Ask: A question is then presented. It is said that the mind works best in the presence of a question and so selecting the right question is critical to the START process. This now leads to the next step which is…

Respond: Now is the time for discussion, the topic having been framed by an image, a quote, and a question. Understanding that on topics that are both deep and complex the goal is not always about ‘solving the matter’ or reaching some definitive conclusion but rather about having the discussion and learning more as a result. In light of this, it is helpful to have a time constraint put into the discussion.

Take: The discussion ends with clearly articulated action points – the thing that each participant ‘takes away from the conversation’. This could be to further explore the topic, have a further conversation with a specific person, experiment with some tangible action, or any number of things that will ensure that ‘legs’ are given to the conversation, and something is done.

For example, one of our clients wanted to raise the profile of conversations to do with ‘women in the workplace’ but felt somewhat daunted by initiating this course without help. The easy option would have been to outsource the responsibility for this initiative, but we suggested using the START method which would serve to equip and empower those within the organisation to take responsibility for the conversations. So, we together with them, designed a ‘menu of conversations’ that covered this territory. Each topic was accompanied by a resource article that the convener of the conversation could read beforehand. This just helped them feel a little more prepared and confident in putting the topic on the table. It was a grand experiment that exceeded expectations as it grew organically throughout the organisation. Of course, there is no creative limit to START conversations and so it became a helpful tool (especially the image, quote, and question runway) for framing other difficult but necessary conversations.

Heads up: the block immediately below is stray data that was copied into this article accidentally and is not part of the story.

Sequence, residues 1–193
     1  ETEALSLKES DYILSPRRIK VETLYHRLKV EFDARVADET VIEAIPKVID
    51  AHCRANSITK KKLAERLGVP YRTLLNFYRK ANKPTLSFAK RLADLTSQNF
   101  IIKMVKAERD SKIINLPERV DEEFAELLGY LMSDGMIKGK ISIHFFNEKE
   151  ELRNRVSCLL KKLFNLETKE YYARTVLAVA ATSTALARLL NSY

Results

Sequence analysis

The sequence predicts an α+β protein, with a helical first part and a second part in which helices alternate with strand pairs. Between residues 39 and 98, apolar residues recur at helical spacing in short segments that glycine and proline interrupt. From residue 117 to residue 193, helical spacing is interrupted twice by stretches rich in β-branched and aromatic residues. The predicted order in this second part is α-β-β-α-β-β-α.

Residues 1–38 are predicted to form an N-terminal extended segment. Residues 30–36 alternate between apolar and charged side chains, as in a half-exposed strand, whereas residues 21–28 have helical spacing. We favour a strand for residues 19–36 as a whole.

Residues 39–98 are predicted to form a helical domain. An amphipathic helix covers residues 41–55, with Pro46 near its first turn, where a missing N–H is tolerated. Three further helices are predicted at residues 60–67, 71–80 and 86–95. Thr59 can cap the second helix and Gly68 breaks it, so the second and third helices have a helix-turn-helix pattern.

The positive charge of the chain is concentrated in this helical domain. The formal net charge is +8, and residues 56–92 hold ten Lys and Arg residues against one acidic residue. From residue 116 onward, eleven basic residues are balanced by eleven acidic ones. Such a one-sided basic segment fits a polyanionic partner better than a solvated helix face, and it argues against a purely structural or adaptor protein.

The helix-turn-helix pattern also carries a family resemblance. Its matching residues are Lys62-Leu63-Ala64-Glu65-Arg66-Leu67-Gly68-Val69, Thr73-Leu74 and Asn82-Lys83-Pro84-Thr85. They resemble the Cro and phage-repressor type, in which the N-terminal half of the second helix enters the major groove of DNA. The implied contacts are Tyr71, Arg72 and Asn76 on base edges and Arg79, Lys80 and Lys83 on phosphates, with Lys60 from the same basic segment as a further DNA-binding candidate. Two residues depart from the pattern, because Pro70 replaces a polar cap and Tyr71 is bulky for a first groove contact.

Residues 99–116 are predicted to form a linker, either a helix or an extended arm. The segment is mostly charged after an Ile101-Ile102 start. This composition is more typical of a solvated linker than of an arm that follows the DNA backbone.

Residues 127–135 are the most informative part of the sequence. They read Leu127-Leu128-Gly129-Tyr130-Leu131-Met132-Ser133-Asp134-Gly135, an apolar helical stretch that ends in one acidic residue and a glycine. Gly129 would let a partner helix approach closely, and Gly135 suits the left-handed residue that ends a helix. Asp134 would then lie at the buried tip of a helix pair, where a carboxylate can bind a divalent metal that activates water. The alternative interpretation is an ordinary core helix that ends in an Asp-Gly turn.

Using START Conversations soon means that one becomes an avid collector of provocative images, insightful quotes, and inviting questions – all of which can be employed to the START end. I think that smart leaders always look for ways to engage others and invite them into active participation; I think that smart leaders fully understand the importance and power of questions and so linking such questions to images and wise words that echo over time and space is…well, smart!

It might just be that by using the START method you could unlock those difficult but necessary conversations within your own team or company. Of course, there is no shortage of helpful literature on having these courageous conversations – two that will undoubtably serve as building blocks are: Being Wrong by Kathryn Schulz and Think Again by Adam Grant. Both would be good places to start should you wish to develop your own capacity and competence for hosting those important but difficult conversations.

Why not download our free START Conversations resource here, to use with your team at an upcoming meeting?


The world needs a new leadership response to a global context of change, complexity, and uncertainty. Leadership Thinker (and author of today’s Tuesday Tip), Keith Coats is passionate about helping audiences around the world to understand what this response looks like and to equip leaders with the tools needed to respond to this changing context.

Keith’s research and global experience of over 20 years has helped him identify the key-defining factors of a successful leader in the 21st century as the ability to learn, grow and be adaptable. It is his great privilege to help leaders access new frameworks and thinking in order to successfully lead into the future. Chat with us if you’d like to explore how he could help your team prepare for the future.


TomorrowToday Global